The Toronto Raptors do not want their roster to have open spots for too long, as they have worked with lightning speed to fill the remaining vacancies. That desire has helped begin the Raptors career of former DePaul star and Chicago Bulls guard Javon Freeman-Liberty.
After signing Markquis Nowell to a two-way contract right after the 2023 NBA Draft and inking Ron Harper Jr. to the same deal after Summer League, Toronto acted quickly to fill their third and final spot. With Mouhamadou Gueye moving to Raptors 905 on a permanent basis, Freeman-Liberty was quickly targeted and signed.
After averaging over 21 points per game with the Bulls in Summer League play, Freeman-Liberty played well enough to catch the attention of the Raptors. Rather than locking up Gueye or standout center Moses Brown, the Raptors stole a quality player from another team.
While the Raptors did end up signing three ball-handling guards to their two-way spots, they all profile as players who can make an impact on offense. Freeman-Liberty has his flaws, but he is a bucket-getter. Such players have been in short supply over the years in Toronto.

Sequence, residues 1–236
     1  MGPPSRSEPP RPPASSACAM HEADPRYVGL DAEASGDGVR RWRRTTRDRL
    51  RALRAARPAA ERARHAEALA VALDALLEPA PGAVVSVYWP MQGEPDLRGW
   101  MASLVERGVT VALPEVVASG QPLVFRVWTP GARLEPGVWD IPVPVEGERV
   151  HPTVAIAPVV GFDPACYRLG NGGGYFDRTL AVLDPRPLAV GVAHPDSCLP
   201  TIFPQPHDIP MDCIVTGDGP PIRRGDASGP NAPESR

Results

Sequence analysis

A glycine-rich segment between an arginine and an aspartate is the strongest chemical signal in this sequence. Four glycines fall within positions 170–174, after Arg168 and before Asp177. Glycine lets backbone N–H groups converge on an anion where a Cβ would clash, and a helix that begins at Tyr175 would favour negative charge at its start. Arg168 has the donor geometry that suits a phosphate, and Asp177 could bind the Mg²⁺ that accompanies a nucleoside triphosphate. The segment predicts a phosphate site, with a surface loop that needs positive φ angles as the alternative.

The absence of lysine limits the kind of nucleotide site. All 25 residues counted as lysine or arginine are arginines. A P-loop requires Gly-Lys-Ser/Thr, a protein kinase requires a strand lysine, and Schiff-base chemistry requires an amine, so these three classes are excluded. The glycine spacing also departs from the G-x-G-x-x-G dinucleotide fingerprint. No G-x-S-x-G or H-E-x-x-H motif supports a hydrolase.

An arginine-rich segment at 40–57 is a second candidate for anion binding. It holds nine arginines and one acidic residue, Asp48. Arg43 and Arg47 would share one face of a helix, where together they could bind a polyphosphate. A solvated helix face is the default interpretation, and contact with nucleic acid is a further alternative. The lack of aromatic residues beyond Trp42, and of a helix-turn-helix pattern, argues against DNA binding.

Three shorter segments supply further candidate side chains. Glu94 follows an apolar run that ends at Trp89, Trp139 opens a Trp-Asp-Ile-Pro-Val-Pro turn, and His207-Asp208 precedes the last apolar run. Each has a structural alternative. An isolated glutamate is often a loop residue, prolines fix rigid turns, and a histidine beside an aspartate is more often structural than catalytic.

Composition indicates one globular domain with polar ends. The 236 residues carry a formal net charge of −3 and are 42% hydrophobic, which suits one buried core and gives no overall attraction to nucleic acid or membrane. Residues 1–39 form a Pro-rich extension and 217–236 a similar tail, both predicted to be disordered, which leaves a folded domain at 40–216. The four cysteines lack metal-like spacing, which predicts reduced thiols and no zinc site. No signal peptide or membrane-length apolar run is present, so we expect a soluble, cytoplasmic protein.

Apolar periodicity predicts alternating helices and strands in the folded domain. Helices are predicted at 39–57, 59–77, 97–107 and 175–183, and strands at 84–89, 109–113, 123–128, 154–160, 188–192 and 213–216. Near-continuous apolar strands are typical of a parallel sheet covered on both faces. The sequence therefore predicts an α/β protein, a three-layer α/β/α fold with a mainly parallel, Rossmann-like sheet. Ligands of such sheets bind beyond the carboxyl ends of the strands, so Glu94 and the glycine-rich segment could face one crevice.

Toronto Raptors sign Javon Freeman-Liberty from Bulls
Freeman-Liberty averaged 16.5 points and 5.7 rebounds per game during his college career, which was split equally between Valparaiso and DePaul. In his final season for the Blue Demons, JFL put up 21.7 points and 7.3 rebounds per game with some impressive 43/37/74 shooting splits.
Freeman-Liberty, who spent most of last season with the G League Windy City Bulls, averaged 21.2 points per game with 49/46/77 splits for the Bulls in Summer League. The Raptors felt the sting of the 6-4 guard on both ends of the floor, as his hustle matched his scoring skill.
It became clear very early in the Summer League process that Freeman-Liberty would be a player that either signed a cheaper NBA contract or landed a desirable two-way spot.
The fact the Raptors managed to sign him right after the news that Ayo Dosunmu was staying in Chicago obviously doesn’t make up for how Toronto missed out on their bigger prize, but at least they managed to take one guard away from the Bulls.
The Raptors’ three two-way players include a diminutive point guard who has thrived statistically despite his flaws, an unusually-built guard/wing hybrid with potential, and a microwave scoring guard with untapped defensive skills. Those three archetypes have often served Masai Ujiri well.